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Niños Seguros y Sanos: Safe and Healthy Children

Training-of-Trainers Program

Niños Seguros y Sanos (Safe and Healthy Children) is a pilot project of Physicians for Social Responsibility (PSR), the Academy for Educational Development (AED), and Health Outreach Partners (HOP). This one-year pilot program generously supported by the W.K. Kellogg Foundation aimed to develop culturally and linguistically appropriate training resource guide, complete with several trainer tools as well as fact-sheets and case studies about environmental health for  staff of Migrant and Seasonal Head Start and the Migrant and Seasonal Health Clinics.   

On this page you will find the complete Niños Seguros y Sanos Training-of-Trainers (TOT) curriculum that organizations are welcome to download for own use.  Also included is a program evaluation the pilot training conducted in Michigan and Florida in September and October, 2010.

Introduction

Module 1

Module 2

Module 3

Module 4

Module 5

Module 6

Appendix

Evaluation of the Niños Seguros y Sanos Training-of-Trainers Program for Staff of Seasonal and Migrant Head Start Programs and Migrant and Community HealthCenters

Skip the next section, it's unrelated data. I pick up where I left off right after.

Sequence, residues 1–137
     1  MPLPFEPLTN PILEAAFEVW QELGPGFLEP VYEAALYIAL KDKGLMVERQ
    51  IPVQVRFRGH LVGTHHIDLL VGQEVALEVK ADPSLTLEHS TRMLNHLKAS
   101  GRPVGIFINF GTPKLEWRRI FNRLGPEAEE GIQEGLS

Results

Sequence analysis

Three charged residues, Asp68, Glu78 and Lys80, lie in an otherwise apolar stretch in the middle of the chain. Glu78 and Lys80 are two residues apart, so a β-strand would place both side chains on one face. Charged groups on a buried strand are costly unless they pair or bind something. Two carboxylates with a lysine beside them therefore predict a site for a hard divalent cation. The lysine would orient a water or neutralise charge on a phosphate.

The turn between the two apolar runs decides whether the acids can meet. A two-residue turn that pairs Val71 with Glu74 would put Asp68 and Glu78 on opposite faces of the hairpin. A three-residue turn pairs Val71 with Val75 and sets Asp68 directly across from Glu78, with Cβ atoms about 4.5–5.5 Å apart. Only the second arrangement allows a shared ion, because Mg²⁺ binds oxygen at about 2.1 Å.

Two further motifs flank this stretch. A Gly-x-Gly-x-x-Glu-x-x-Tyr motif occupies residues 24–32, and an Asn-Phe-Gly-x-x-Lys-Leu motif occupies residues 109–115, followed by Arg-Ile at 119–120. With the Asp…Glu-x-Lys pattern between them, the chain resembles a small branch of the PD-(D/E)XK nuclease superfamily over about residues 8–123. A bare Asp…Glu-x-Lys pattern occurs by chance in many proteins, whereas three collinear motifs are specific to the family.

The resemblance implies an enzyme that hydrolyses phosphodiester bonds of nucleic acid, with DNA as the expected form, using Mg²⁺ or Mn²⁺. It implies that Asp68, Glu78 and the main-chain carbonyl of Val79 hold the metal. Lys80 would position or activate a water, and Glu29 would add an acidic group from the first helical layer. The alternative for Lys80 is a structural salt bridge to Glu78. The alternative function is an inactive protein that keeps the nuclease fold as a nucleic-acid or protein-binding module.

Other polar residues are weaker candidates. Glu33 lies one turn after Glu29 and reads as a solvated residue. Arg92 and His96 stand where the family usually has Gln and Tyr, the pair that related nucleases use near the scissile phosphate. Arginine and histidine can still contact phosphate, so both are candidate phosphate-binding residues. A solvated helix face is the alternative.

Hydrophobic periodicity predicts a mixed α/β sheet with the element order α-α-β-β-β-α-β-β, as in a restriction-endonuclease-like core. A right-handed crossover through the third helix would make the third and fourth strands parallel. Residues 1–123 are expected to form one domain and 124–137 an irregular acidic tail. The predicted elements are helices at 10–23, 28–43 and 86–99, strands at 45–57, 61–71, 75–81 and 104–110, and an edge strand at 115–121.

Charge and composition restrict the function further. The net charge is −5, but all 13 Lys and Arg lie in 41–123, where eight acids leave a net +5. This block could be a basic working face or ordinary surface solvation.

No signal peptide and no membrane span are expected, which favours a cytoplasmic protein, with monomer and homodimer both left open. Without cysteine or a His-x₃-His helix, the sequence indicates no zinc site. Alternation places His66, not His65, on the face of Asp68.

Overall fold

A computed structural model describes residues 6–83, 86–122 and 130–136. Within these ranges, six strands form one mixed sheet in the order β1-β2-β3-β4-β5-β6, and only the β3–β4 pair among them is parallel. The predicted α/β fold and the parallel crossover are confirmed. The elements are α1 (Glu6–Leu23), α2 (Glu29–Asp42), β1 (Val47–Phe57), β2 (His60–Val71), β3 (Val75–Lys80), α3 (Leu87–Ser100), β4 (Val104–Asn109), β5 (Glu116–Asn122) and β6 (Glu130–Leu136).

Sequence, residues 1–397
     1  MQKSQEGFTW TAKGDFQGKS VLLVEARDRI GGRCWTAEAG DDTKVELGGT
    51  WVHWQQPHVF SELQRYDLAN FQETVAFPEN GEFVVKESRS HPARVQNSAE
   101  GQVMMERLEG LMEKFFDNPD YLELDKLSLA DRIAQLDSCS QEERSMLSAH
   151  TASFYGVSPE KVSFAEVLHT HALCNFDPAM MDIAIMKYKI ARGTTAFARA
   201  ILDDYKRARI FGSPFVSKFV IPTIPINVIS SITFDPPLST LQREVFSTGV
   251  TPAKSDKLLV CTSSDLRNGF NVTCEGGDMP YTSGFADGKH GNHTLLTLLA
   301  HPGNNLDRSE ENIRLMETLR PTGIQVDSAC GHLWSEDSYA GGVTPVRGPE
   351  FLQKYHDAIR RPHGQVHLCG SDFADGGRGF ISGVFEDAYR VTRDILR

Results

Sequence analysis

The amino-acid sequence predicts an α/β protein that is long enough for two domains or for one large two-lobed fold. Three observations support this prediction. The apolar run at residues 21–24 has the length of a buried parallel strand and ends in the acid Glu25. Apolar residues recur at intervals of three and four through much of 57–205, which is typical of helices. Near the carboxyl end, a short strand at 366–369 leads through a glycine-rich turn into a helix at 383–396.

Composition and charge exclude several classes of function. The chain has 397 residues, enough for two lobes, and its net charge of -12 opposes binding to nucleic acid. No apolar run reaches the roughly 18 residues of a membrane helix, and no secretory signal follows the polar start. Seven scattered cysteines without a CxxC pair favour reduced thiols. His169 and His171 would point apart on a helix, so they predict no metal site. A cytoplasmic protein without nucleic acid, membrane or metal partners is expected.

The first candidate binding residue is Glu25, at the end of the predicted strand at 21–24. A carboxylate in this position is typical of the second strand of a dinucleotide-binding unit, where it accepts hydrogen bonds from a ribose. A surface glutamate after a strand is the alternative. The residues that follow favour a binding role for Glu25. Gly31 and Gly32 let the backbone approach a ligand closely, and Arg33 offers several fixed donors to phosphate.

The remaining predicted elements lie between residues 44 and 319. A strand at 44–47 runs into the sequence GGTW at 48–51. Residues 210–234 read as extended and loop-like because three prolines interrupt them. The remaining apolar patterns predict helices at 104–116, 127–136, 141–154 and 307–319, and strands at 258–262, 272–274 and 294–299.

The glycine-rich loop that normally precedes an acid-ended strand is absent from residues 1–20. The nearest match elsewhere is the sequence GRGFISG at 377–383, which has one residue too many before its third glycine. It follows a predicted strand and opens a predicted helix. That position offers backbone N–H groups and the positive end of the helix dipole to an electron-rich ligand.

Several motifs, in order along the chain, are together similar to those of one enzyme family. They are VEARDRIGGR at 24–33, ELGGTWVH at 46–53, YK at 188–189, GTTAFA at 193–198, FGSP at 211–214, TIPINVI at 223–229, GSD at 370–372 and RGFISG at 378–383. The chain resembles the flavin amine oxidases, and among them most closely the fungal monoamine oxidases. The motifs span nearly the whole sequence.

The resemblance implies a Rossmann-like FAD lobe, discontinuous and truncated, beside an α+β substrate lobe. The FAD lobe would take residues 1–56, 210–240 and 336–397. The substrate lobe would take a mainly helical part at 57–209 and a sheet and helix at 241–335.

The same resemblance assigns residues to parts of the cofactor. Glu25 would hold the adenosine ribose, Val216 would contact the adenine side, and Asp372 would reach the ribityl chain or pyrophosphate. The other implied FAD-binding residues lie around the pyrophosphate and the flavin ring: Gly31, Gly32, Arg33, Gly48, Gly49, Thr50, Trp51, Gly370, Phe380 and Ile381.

Full Curriculum (73 MB)

Browse Resources

Action Alerts

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Resources

  • Annual Report 2012

    PSR is pleased to present its 2012 Annual Report to our members and other stakeholders. Read more »

  • Toxic Chemicals in Our Food System

    What chemicals are in the food we eat? Chemicals are used in every step of the process that puts food on our table: production, harvesting, processing, packing, transport, marketing and consumption and can be dangerous to our health. Read more »

  • Fracking: Harm on the Farm

    Chemical exposures that harm farm animals and wild animals raise concern about health risks for people living near fracking sites, as the animals use the same water and breathe the same air as humans. Another, indirect concern for human health also exists: in multiple known cases of chemical exposure, cows continued to produce dairy and meat for human consumption, although it remained untested for chemical contaminants. Read more »

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